Issue 3. July 2010
STORIES ON THE STREET The Wind in the Willows by Kenneth Grahamedownload
Who better to read aloud Kenneth Grahame's famous passage about the delight of "messing about in boats" than the rowers and staff at Boston's Community Rowing, Inc.? The Drum stopped by the boathouse early one morning last week and found a group of willing--and even enthusiastic--participants just coming off the water. Community Rowing is one of the largest public boat clubs in the United States, introducing people of all ages and all abilities to the sport of rowing. Visit their website for more info.
Allison Williams’ “Snake” finds two children playing in a muddy yard. Their game turns to a scuffle made dangerous when their father returns, sure to be angry at the mess they’ve made. Williams’ brief piece offers an intense study of the blurred line between protection and harm.
Tickle or Torturedownload
In his essay “Tickle or Torture,” Vestal McIntyre recounts his Wednesday-night teasings as the youngest of seven in an Idaho town. While his parents are attending Bible study, McIntyre is poked, prodded, tickled, and tortured by his siblings, although all he really desires is to be left alone.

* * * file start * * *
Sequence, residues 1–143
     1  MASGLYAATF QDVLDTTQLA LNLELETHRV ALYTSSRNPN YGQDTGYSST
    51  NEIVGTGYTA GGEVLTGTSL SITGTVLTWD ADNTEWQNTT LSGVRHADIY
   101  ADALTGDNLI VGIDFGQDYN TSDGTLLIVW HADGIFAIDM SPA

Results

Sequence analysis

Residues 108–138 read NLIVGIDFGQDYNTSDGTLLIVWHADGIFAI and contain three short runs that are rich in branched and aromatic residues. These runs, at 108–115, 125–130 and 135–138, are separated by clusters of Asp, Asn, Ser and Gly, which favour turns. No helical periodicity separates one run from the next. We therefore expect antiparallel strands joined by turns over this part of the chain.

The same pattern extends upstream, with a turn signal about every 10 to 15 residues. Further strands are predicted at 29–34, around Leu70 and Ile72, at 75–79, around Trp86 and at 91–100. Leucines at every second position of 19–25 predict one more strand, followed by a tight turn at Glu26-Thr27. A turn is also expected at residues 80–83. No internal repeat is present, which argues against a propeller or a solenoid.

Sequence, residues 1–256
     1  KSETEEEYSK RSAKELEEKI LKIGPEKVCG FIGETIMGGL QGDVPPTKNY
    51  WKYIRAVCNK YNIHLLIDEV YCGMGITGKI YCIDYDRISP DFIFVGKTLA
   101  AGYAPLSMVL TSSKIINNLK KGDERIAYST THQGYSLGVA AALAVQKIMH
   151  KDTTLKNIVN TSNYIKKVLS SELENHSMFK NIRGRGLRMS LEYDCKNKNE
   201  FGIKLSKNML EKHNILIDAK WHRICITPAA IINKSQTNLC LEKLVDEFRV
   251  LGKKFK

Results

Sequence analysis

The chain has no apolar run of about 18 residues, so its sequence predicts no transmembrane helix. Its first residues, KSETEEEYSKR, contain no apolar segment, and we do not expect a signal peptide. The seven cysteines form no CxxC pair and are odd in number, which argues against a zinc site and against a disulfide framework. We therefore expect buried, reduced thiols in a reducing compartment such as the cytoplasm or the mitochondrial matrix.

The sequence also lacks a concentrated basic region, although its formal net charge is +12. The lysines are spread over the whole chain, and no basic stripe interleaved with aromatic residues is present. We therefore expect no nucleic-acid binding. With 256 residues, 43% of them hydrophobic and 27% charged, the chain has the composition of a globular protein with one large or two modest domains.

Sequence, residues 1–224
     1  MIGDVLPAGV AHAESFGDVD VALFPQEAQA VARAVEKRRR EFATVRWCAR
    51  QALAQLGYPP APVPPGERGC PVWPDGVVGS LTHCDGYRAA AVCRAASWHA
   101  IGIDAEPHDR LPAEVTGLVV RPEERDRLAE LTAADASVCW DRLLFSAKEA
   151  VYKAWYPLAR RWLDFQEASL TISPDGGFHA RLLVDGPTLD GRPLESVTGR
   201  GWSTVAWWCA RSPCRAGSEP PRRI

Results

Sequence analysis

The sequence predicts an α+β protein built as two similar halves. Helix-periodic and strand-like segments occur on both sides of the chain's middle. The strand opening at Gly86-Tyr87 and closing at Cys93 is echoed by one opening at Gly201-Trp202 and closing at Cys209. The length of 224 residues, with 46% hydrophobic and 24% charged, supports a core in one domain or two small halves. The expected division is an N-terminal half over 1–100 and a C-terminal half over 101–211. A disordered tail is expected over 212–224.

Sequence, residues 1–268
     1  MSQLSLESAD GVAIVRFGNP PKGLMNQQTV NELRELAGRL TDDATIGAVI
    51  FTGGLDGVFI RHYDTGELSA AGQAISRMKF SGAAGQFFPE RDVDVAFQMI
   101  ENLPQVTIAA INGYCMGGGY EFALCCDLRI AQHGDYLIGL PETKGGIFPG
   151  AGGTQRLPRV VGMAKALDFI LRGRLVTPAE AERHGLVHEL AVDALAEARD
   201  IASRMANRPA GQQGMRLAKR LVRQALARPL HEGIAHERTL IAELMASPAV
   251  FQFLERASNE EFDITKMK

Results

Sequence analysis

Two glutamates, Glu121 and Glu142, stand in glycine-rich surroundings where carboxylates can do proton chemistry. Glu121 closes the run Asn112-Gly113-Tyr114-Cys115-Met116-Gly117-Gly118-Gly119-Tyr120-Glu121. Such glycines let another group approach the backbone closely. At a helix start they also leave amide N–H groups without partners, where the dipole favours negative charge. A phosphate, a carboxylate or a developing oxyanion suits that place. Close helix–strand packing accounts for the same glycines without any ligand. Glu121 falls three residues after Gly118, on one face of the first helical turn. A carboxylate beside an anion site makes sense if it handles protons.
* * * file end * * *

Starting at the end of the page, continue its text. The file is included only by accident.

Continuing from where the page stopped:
Skin for Skindownload
While her parents are attending her baby cousin’s circumcision ceremony, the teenage narrator of Jonathan Papernick’s “Skin for Skin” invites an intriguing new boy from school over to her home. The narrator is not Jewish, as her parents are, but her views on religion and family begin to change as she contemplates sleeping with the boy, demanding of him an intriguing bargain.
The female narrator of Pete Smith’s “Testimony” tells the story of an affair that starts with a cloud of drinks and ends in the mystery of not knowing a partner. Smith explores the ways in which a self can become lost between a past and a present, youth and maturity--and intoxicating drinks and an even more intoxicating partner.
A Haunt of Memorydownload
In Tarah Masih’s “Haunt of Memory,” the narrator describes how she prunes the spirit tress of her blind friend Phineas to keep the bad spirits and memories away from his home. This short piece captures the beauty of the trees and of the friendship, and evokes an old man’s hard life on the edge of twilight.
Three narrators take the listener through a range of responses to American culture. A Bolivian tour guide, a Taiwanese businesswoman, and a young Palestinian give us three perspectives on America’s relations with the world, all of them with a hamburger at the core of the story.